What to Eat in Sevilla – A Local Sevillian Food Guide

If you are wondering what to eat in Sevilla, then you have landed at the right place. In this article I will tell you which dishes are the most traditional in Sevilla, that also have their origins in or around the city. Each city in Andalucia has its own traditional foods, each one offering a unique and delicious taste of the region such as savoury stews and the most amazing pork dishes. The food in Seville is part of the city’s culture, which we will now explore, so let’s dive in. 

About the Food in Sevilla

A brown round table with different plates having small dishes on them. There is a white rectangular dish with three croquettes on it topped with a white sauce, a white plate with an entire round tortilla, a bowl with a grilled cheese drizzles with balsamic vinegar and topped with baked tomatoes.

The dishes in Sevilla are hearty and comforting, which may be surprising to some. Sevilla is known as the oven of Europe in summer, but it also gets quite cold in winter. Being inland and not that close to the sea, most of the typical foods in Sevilla are based on pulses, meats and root vegetables.

The staple meat that you will find all around Sevilla is the Iberian Pata Negra pork. This breed of pig is raised at farms nearby, in the Sierra de Aracena, and it is known for the high quality meat it produces. The pigs are fed with acorns and free to roam on vast areas of land.

How to Order Food in Sevilla

A table outdoors, with the focus on a white plate with patatas bravas on it. The baked potato chunks are topped with a red and a white sauce. Behind, blurred, you can see a glass of beer.

One of the charms of Sevilla is going out to eat, hopping from tapas bar to tapas bar around Triana, the most lively neighbourhood in the city. Here you will find plenty of places to eat, from cafes, to restaurants, to tiny holes in the wall that serve the best tapas in town.

Unless you go to a fancy restaurant, it’s important to learn how to read the menu of a tapas bar. There are three options on most of the items on the menu: tapas, media raciones, and raciones. A tapa means a small plate of food, big enough for one person. If you want to share the dish, consider a media racion (half a portion) or a racion (full portion), depending on how big your party is.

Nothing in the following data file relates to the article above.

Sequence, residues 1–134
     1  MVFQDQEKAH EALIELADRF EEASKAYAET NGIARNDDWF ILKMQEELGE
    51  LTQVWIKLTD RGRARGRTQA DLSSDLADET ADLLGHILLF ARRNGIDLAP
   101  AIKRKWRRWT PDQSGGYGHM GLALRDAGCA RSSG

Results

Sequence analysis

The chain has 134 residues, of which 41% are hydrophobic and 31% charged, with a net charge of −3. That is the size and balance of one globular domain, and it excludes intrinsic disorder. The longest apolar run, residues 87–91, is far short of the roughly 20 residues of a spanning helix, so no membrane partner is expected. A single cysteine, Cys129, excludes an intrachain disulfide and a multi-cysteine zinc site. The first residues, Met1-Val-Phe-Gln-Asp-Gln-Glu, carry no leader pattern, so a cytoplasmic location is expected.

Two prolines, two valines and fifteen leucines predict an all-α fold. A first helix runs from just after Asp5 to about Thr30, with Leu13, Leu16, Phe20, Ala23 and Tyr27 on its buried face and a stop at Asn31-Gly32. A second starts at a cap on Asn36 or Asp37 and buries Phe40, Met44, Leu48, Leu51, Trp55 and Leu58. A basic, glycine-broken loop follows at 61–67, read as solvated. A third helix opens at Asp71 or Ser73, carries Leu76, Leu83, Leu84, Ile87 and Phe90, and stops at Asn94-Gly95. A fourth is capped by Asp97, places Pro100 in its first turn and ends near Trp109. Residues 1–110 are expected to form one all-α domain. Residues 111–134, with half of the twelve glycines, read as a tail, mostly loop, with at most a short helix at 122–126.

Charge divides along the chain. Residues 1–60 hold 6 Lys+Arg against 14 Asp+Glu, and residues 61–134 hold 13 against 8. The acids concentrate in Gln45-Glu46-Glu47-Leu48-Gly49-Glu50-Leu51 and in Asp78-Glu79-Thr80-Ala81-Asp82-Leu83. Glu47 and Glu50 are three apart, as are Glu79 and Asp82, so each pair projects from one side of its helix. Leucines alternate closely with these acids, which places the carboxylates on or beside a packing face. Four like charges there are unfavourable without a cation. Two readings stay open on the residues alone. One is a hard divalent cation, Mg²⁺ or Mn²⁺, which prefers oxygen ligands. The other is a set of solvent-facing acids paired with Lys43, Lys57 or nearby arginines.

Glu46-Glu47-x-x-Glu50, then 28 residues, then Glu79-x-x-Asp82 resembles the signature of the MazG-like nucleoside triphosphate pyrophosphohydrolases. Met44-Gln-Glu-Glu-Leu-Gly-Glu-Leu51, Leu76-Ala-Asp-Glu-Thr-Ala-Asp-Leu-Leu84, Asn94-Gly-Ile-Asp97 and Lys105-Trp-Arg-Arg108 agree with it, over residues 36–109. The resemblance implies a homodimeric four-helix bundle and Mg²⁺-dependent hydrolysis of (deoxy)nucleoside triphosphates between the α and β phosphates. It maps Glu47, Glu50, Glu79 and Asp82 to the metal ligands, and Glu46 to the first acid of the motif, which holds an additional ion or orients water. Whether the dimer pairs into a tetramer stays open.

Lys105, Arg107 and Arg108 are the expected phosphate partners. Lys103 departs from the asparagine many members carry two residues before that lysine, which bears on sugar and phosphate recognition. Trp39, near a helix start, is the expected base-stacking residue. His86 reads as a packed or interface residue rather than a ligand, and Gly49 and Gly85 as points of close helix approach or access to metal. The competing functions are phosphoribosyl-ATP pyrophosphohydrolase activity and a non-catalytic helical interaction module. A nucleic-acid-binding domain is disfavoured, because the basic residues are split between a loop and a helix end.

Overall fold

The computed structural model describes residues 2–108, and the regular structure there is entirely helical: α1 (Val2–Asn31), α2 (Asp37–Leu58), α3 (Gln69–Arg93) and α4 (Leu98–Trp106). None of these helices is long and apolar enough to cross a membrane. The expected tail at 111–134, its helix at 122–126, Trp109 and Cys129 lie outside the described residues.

A great way to experience the tapas culture of the city and taste a few of the traditional dishes in Seville is by going on a food tour. Here are a few highly reviews options:

What to Eat in Sevilla:


A crusty bread topped with grilled pork and a slice of jamon on top. The sandwich is closed with the other half of the baguette. It sits on a plate with blue stripes.

Serranito is Sevilla’s most famous sandwich. It consists of a crusty bread roll cut in half and hopped with grilled pork loin, slices of Jamon Serrano, tomatoes and grilled green peppers. It is a delicious sandwich that you can have for lunch or even for breakfast, alongside a cup of Spanish café con leche. The serranito originated in Sevilla but it quickly became famous all over Spain.

Secreto Iberico

Grilled slices of pork topped with sea salt flakes, next to a medley of vegetables. The plate is dark grey.

Secreto Iberico translates as “the Iberian Secret” and it is the most tender grilled piece of pork you will ever have in Spain. The “secret” is a very tender cut of the neck of the Pata Negra pig, between the shoulder blade and the loin. It is a fat marbled piece of meat which when grilled transforms into a juicy, full of flavour pork steak.

The Secreto Iberico is sometimes referred to as the wagyu of pork, which is a reflection of how good it is. It doesn’t come at the same price though, so don’t worry, ordering it at a restaurant in Sevilla is an affordable experience.   

Presa Iberica

A black, rectangular plate with grilled pork steaks on it. On the plate you can also see a rosemary spring and white sea salt.

Presa Iberica is another fantastic piece of meat with a high marbling content, considered to be one of the finest cuts of the Iberico pig. It is as high quality as the Secreto Iberico, and it’s usually served medium to medium rare, despite the fact that it is pork.